Rossini’s “The Barber of Seville” premiered in Rome in 1816 and it’s still going strong two centuries later. Not many musical works can claim such longevity and popularity. Yes, that’s the opera with the famous “Figaro, Figaro, Figarooo” aria, which is actually called Largo al factotum della citta, which, loosely translated, means “Make room for the man who can do everything in this city.”
That man is the barber Figaro, a clever and cunning character who helps Count Almaviva and his love Rosina to outwit her grumpy old guardian Bartolo who keeps Rosina captive in his house and plans to marry her himself. It’s a love triangle of sorts – and there are other complications – but there’s no tragedy here. “Barber” is an opera buffawhere comedy and glorious music unite to entertain and delight.
The character of Figaro and the stories of his life were created by French playwright Pierre de Beaumarchais who devoted three plays to the subject. Rossini based his opera on the first one, while Mozart, a composer from another land and time, turned the second play “The Marriage of Figaro” into an almost equally popular and enduring staple of the operatic repertoire.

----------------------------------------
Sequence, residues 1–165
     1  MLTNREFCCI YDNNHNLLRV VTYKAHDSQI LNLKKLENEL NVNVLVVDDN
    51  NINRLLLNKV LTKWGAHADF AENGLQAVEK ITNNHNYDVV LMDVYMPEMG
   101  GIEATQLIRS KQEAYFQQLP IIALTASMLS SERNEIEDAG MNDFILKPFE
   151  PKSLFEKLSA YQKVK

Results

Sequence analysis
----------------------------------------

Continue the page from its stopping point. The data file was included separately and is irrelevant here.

This weekend, Opera San Antonio will present “Barber” as its second and final production of the 2016-17 season on May 6 and 7, at the Tobin Center for the Performing Arts. The production was originally created by the Glimmerglass Opera Festival, and comes to OSA from the North Carolina Opera, says the press release. What this means is that the sets, costumes and basic approach to staging were developed for Glimmerglass but the San Antonio show will be directed by E. Loren Meeker, a director with an international reputation. The key roles are portrayed by outstanding soloists: Luis Ledesma (Figaro); Sarah Coburn (Rosina) and tenor Andrew Owens as Almaviva, all of whom have appeared in multiple operas both in the U.S. and in other countries.
To learn more about the work and the composer, you can attend a pre-performance lecture given by Dr. Kevin Salfen, an associate professor of music at the University of the Incarnate Word. These lectures are usually quite informative and fun. The opera itself is appropriate for the entire family and is probably a great work to introduce novices to the operatic art.
Tickets at www.tobincenter.org or call 210-223-8624. You can also buy them in person at the box office, 100 Auditorium Circle, 78205.
Photos: Luis Ledesma; Sarah Coburn